A WARMER CLIMATE

Kazakhstan 2017 | ECONOMY | INTERVIEW

Ermek Sakishev began his career in 2005 at the Ministry of Economics and Budget Planning as a Lead Specialist. From 2005 to 2007 he worked at various private companies. From 2008 to 2011 he worked in the Administration of the President in various roles, from expert up to sector leader of the Social and Economic Monitoring Department. In 2011, he became the Director of the Innovative Policy Department of Samruk-Kazyna. From 2012 up to 2014 he occupied managerial positions within the private sector, becoming Deputy Chairman of the Board at Baiterek Development in 2015.

Ermek Sakishev
BIOGRAPHY
Ermek Sakishev began his career in 2005 at the Ministry of Economics and Budget Planning as a Lead Specialist. From 2005 to 2007 he worked at various private companies. From 2008 to 2011 he worked in the Administration of the President in various roles, from expert up to sector leader of the Social and Economic Monitoring Department. In 2011, he became the Director of the Innovative Policy Department of Samruk-Kazyna. From 2012 up to 2014 he occupied managerial positions within the private sector, becoming Deputy Chairman of the Board at Baiterek Development in 2015.

What have been the major initiatives and programs launched by the IFK to improve the business climate in the country?

Three years ago, our shareholder, Baiterek Holding, made a major decision for the IFK to acquire all the distressed assets that had been amassed at the Development Bank of Kazakhstan. We acquired about 36 depressed companies with a total debt of around USD800 million. We are now considering ways to make these companies attractive for investment. We have also developed our own strategy and have approached leading investment groups operating both locally and globally. The IFK partners with leading Kazakhstani investment companies and is in touch with nearly all the market players. Our final goal is to sell our portfolio when the problematic companies in it start showing some positive dynamics, generating some profit, and providing jobs. To date, we have created around 1,800 jobs. We understand that no one is willing to acquire a depressed portfolio. Therefore, we develop attractive investment tools that can satisfy our needs as sellers and the needs of investors buyers. That has been our main contribution to the development of an attractive investment climate in Kazakhstan.

The IFK has strong ties with international investors. What areas and countries do you establish partnerships with?

Alongside our work on depressed portfolio, we also work on new projects. One of them is a float glass factory in Kyzylorda that we are building in partnership with Stewart Engineers, an American company that offers floating glass technology services, and a local private investor. This was our first experience working with a foreign investor and we plan to expand it. However, in line with priorities set by the government, we seek investors from neighboring countries, mainly CIS. Russia is a major partner; however, it depends on the industry. The portfolio of IFK comprises companies across various sectors. For example, we have projects in the construction industry and most of our partners there are local; we also have textile projects in the south with Uzbek partners, with whom we will establish a consortium in 2018. We also run large projects in agriculture in the north, together with Russia. Our possible partners include China; we are now in the initial stage of negotiations.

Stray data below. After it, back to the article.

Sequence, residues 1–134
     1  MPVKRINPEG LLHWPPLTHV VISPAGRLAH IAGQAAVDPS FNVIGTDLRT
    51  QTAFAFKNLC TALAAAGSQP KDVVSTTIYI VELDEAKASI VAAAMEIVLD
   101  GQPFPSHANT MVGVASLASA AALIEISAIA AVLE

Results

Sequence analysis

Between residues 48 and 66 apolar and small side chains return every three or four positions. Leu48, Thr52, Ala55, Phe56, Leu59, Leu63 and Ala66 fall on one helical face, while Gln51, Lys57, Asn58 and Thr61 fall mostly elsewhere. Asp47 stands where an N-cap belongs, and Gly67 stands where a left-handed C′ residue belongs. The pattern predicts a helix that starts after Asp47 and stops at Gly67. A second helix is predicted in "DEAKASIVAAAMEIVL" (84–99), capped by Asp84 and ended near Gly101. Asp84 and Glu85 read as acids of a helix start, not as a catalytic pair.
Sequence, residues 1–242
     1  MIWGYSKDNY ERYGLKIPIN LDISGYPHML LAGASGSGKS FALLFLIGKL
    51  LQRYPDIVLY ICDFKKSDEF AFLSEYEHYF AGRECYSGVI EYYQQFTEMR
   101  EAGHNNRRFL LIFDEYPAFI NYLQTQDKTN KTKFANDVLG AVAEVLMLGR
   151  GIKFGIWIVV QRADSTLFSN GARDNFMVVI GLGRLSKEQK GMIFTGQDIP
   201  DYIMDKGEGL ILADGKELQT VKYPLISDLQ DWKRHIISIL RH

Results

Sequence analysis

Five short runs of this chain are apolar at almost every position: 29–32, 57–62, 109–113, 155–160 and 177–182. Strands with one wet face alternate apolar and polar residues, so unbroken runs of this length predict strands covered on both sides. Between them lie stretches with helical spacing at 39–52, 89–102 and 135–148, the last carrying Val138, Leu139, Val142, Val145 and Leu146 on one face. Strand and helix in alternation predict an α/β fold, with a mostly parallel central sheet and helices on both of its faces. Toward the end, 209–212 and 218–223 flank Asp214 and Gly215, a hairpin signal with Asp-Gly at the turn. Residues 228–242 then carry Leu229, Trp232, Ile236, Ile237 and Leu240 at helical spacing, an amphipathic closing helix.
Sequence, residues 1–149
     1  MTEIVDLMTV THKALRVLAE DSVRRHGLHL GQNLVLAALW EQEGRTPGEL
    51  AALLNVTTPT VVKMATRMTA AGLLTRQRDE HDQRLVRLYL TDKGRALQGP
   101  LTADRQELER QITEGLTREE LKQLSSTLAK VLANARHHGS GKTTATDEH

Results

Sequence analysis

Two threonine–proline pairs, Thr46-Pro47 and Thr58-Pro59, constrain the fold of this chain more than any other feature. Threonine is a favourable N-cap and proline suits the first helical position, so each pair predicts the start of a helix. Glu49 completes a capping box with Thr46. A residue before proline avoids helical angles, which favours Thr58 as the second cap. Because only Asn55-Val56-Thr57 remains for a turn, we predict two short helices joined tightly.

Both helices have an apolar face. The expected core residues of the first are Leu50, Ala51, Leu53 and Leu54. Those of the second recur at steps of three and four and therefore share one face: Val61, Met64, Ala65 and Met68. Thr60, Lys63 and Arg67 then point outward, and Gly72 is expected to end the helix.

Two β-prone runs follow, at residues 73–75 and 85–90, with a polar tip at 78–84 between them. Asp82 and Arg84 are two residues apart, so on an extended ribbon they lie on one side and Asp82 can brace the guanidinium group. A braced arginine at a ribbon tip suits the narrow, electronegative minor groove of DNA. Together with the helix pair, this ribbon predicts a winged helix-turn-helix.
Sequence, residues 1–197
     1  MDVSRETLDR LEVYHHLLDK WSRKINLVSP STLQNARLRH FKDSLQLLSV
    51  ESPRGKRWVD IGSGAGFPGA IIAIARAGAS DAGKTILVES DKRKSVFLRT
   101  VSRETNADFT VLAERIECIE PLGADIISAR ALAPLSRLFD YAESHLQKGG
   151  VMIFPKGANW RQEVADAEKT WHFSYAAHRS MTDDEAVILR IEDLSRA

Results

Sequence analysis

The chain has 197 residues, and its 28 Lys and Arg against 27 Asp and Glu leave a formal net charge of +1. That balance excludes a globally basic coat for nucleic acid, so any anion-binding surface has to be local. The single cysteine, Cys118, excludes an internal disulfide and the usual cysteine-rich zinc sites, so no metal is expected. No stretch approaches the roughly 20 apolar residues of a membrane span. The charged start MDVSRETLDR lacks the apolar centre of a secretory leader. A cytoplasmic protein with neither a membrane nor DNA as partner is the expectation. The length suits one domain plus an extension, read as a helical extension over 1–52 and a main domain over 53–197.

Within the government's diversification program, which sector will the fund focus on the most? Where do you see the most action in terms of investment?

It is impressive that Kazakhstan has managed to create an investment climate that is attractive in any industry. This is because we have close relationships with China and Russia, which are now large markets. Many Russian and Chinese investors have moved their production lines to Kazakhstan and sell the products back home. Kazakhstan can offer attractive production costs across all the industries; however, agriculture is particularly attractive because of our vast territory, great soil quality, and close proximity to large international markets such as China and Russia. A total of 1 billion people willing to buy products made in Kazakhstan beat the odds of being a landlocked country.

What challenges will Kazakhstan's business climate face in the coming years?

One of the challenges will be the country's monetary policy. Its proximity to large markets comes with the understanding that these economies have their own currencies and will continue to have a great impact on Kazakhstan's economy, even greater than global trends. Our country is building an export-oriented economy. If the Chinese or Russian economy is struggling, that will have a nearly immediate impact on Kazakhstan because these are our major export markets. It will be difficult to immediately redirect our exports; transportation costs will increase and we may not be able to offer competitive prices in Europe, for example.

What are your expectations for 2017?

We need to stay positive; 2017 will be a good year for us. In order to do business in a country, a company needs to visit it. In this instance, Expo 2017 will be of great help there. We look forward to completing projects we started in 2013 and starting new ones.